So what does a school shooting have to do with violence against women? It comes down to the shooter and his actions. On Dec. 6, 1989, Marc Lépine, aged 25, made his way to École Polytechnique, a post-secondary engineering school affiliated with the University of Montreal. There, he entered a classroom filled with approximately 60 students where a mechanical engineering class was in progress. This is where the violence against women aspect becomes apparent. After gaining control of the classroom, he ordered male and female students to opposite sides of the room. Then, after ordering the male students out of the room, he opened fire on the remaining 9 women, saying, "You're women, you're going to be engineers. You're all a bunch of feminists. I hate feminists." Of his victims in that classroom, 6 were killed and the 3 others wounded.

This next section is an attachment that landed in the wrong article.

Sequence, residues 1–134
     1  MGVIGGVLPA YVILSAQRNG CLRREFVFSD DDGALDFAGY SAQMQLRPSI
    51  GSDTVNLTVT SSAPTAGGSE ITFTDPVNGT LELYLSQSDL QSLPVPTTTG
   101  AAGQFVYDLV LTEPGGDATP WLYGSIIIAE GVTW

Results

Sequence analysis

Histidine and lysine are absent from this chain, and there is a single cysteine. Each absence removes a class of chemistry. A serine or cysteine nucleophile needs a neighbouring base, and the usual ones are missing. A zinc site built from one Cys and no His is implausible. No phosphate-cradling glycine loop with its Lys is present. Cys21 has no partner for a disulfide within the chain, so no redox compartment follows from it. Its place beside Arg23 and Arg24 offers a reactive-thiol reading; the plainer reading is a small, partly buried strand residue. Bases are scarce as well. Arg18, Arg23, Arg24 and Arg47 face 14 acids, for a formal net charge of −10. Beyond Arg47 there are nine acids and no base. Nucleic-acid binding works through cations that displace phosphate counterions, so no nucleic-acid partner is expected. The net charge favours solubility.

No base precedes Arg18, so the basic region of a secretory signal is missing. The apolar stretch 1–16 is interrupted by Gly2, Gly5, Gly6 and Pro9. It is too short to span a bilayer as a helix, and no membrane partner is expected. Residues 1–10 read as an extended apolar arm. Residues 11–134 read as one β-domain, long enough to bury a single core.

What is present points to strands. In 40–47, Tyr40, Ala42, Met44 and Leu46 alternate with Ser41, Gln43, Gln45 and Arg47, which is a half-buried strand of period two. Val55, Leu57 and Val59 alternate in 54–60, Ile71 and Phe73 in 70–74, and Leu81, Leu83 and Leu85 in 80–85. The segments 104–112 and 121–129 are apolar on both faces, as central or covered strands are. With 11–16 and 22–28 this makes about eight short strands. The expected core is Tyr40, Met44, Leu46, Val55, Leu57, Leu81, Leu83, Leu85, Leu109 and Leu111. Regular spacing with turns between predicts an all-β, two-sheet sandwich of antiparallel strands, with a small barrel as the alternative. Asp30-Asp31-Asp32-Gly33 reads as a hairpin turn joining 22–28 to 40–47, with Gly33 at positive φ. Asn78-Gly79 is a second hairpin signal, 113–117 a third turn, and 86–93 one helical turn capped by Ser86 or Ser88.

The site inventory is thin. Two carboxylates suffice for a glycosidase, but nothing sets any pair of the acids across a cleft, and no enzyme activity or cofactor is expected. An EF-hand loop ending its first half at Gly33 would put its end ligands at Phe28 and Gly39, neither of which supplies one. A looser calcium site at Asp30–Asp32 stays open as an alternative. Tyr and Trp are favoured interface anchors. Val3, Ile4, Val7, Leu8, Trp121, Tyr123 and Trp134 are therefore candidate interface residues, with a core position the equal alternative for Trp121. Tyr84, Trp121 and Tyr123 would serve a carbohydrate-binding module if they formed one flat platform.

After this, Lépine continued on through the school, aiming his attacks at classrooms, students in the corridors, and a cafeteria, before shooting himself in the head. In total, 14 women (13 students and one employee) were dead, and another 14 people (including 4 men) were injured.

Commemorative Plaque at École Polytechnique listing the names of the deceased. (Image in Public Domain, found via Wikimedia Commons)
In the aftermath of the massacre, a suicide note was found in which Lépine reiterated his anti-feminist rhetoric. His view was that through feminism, women would retain their existing benefits from society and the government as well as claiming those that also belonged to men. In other words, and in my opinion, he confused feminism with misandry, and felt that any woman who sought a higher education (such as these students) or a career outside of what was traditionally feminine was a radical feminist and would ruin his own opportunities in life.

It's no wonder then that the anniversary of the École Polytechnique Massacre has become a day for remembrance, then, as Canadians continue to raise awareness of violent acts against women in general. However, I wonder if Lépine realized the coincidence his choice of date was creating. December 6 was already an infamous day in Canada - and he made it even more so.


"École Polytechnique Massacre." Wikipedia. 6 Dec 2014.

"Halifax Explosion." Wikipedia. 6 Dec. 2014. 6 Dec. 2014.


All images used under Creative Commons 3.0, individual credits in the captions